Tell U.S. Governors To Fund Universal Preschool
132 signatures toward our 30,000 Goal
Sponsor: The Literacy Site
America's inequality is soaring, but providing quality preschools in poor communities can bridge this growing divide
Inequality has become a central feature of American life. According to Pew Research Center, the wealth gap between America’s rich and poor more than doubled between 1989 and 2016, creating a situation where America’s highest earners net most of the country’s total income, despite comprising just 20 percent of the population. This leaves everyone else struggling to make do with the spoils, i.e. middle and lower-class wages that have barely budged in 50 years.1
Income disparities are especially stark in communities of color, where Black households earn just a fraction of the average White family. Researchers have found Black Americans at least twice as likely to be impoverished or unemployed than their White counterparts, triggering a devastating trickle-down effect that leaves White Americans with almost twice as much income and 13 times the wealth.1,2
Fortunately, we already know how to correct this glaring imbalance, which has left the U.S. with more inequality than any other G7 country. According to the National Bureau of Economic Research, funding universal preschool would slash inequality by giving poor students equal access to the educational opportunities that wealthier (typically White) Americans already enjoy. In addition to bridging the gap between rich and poor, funding universal preschool would boost social mobility, reduce poverty and crime, improve college graduation rates, and even bolster tax revenues by helping disadvantaged Americans find better jobs.3
How can preschool possibly yield so many benefits? Studies point to the extremely fertile development of a child’s brain between ages 2-4, when toddlers begin practicing teamwork, problem-solving, and cognitive/ analytical skills. Kids who develop these skills early on –- i.e. in a quality preschool -- are also likely to practice them in adulthood. “If a child is not motivated to learn and engage early on in life, the more likely it is that when the child becomes an adult, he or she will fail in social and economic life,” writes professor (and Nobel Prize-winning economist) James Heckman.”3-5
But funding universal preschool on a national level still faces hurdles in Congress, largely because of the costs involved. This leaves us appealing to U.S. governors to invest in this long-term solution that more than pays for itself by addressing inequality, poverty, crime, and other social/economic ills that oppress millions of U.S. citizens. 4,6
Please sign the petition asking U.S. governors to commit to funding universal preschool. Education is a human right and, in this case, key to correcting a system that only allows certain people to thrive.
- “6 facts about economic inequality in the U.S.,” Pew Research Center, February 7, 2020
- “Demographic trends and economic well-being,” Pew Research Center, June 26, 2016
- “The Best Thing We Could Do About Inequality Is Universal Preschool,” Bloomberg City Lab, July 17, 2013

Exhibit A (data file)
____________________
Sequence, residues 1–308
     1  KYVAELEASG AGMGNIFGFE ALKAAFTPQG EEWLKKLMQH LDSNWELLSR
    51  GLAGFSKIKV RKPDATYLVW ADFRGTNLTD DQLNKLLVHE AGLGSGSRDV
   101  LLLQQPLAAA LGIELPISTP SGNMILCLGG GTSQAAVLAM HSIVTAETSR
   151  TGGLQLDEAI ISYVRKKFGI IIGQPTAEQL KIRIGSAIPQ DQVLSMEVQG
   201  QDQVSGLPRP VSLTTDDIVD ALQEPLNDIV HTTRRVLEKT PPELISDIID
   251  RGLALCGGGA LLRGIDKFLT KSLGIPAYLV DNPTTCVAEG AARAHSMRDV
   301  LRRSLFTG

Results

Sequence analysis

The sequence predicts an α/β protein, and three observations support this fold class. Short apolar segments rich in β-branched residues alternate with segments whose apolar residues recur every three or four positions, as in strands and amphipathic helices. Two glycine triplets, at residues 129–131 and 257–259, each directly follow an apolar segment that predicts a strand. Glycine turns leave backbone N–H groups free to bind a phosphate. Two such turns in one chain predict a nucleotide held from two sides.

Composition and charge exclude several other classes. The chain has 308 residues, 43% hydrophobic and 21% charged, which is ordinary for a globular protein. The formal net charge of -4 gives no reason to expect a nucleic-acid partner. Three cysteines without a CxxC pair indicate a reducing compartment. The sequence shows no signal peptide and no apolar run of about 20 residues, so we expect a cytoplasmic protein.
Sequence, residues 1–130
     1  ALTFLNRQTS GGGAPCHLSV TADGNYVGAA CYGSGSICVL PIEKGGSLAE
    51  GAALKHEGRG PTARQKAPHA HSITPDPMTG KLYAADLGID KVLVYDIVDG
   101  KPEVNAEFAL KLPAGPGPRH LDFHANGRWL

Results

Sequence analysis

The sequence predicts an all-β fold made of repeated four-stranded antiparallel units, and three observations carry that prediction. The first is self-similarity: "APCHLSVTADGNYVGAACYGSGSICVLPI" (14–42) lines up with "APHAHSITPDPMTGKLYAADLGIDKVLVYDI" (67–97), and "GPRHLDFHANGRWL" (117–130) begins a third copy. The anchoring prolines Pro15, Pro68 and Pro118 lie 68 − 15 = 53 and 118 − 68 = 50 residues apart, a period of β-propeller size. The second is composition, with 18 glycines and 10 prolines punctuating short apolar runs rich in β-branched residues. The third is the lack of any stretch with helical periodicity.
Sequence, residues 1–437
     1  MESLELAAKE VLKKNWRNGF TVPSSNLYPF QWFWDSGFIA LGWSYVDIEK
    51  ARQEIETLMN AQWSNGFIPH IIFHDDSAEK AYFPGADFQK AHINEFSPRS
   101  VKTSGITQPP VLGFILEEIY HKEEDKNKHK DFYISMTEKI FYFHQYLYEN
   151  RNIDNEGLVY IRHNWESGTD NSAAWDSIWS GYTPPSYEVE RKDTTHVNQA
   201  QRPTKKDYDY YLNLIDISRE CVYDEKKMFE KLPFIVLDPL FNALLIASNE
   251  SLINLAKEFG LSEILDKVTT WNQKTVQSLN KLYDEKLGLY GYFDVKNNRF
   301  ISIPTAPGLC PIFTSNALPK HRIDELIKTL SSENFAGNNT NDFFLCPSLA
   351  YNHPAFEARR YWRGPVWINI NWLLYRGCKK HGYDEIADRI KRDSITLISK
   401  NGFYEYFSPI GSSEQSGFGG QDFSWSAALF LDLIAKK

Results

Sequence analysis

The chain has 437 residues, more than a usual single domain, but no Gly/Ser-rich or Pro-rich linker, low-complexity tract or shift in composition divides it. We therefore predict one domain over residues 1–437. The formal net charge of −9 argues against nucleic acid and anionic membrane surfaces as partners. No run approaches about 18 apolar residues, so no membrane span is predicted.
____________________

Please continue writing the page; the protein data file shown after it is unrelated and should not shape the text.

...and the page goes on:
- “The Case for Investing in Disadvantaged Young Children,” James Heckman, excerpted from "Big Ideas for Children: Investing in Our Nation’s Future,” 2008
- “Kids Need an Early Start: Universal preschool education may be the best investment Americans can make in our children’s education – and our nation’s future,” Brookings, Sept. 1, 1999
- "The Benefits of Universal Access in Pre-K and “3-K for All,” The Century Foundation, April 28, 2017
Dear U.S. governors,
We’re signing this petition to insist that you fund universal preschool. Not only is quality education a worthwhile investment – and indeed, a human right – for all kids, funding universal preschool will reduce the income inequality, poverty, crime, and many other social/economic issues that plague poor communities across the United States.
Universal preschool is a one-size-fits-all solution to many of these social/economic ills, according to multiple studies, which have found the life skills kids learn (or don’t learn) in preschool will serve them throughout their lives. Kids who practice teamwork, problem solving, critical/analytical thinking and other essential life skills in a quality pre-k program are practicing life skills that will serve them throughout their lives.
But toddlers who don’t have access to a quality preschool – which is often the case in disadvantage communities– miss out on this critical development window. This puts poor kids at an immediate disadvantage, not only in kindergarten but throughout their lives. Kids who don’t attend preschool do worse in school, drop out of college (if they attend at all), struggle with low-pay and unemployment, and – given the links between poverty, crime, and lacking education/work opportunity – are frequently nudged towards criminal behavior.
Funding universal preschool has the potential to level the playing field by providing all American children with access to a quality pre-K program, not just the lucky few who happen to be born into a privileged family or ZIP code that already provides one.